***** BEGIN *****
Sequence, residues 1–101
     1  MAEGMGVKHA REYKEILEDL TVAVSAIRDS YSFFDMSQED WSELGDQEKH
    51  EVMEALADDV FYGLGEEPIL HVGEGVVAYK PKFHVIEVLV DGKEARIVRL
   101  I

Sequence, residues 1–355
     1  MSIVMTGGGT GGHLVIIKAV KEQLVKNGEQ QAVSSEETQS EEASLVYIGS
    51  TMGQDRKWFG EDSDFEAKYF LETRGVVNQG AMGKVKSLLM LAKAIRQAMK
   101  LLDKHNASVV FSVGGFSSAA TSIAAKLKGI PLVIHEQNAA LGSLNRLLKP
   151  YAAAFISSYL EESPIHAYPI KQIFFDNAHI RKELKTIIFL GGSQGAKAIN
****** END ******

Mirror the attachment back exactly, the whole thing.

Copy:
Sequence, residues 1–101
     1  MAEGMGVKHA REYKEILEDL TVAVSAIRDS YSFFDMSQED WSELGDQEKH
    51  EVMEALADDV FYGLGEEPIL HVGEGVVAYK PKFHVIEVLV DGKEARIVRL
   101  I

Sequence, residues 1–355
     1  MSIVMTGGGT GGHLVIIKAV KEQLVKNGEQ QAVSSEETQS EEASLVYIGS
    51  TMGQDRKWFG EDSDFEAKYF LETRGVVNQG AMGKVKSLLM LAKAIRQAMK
   101  LLDKHNASVV FSVGGFSSAA TSIAAKLKGI PLVIHEQNAA LGSLNRLLKP
   151  YAAAFISSYL EESPIHAYPI KQIFFDNAHI RKELKTIIFL GGSQGAKAIN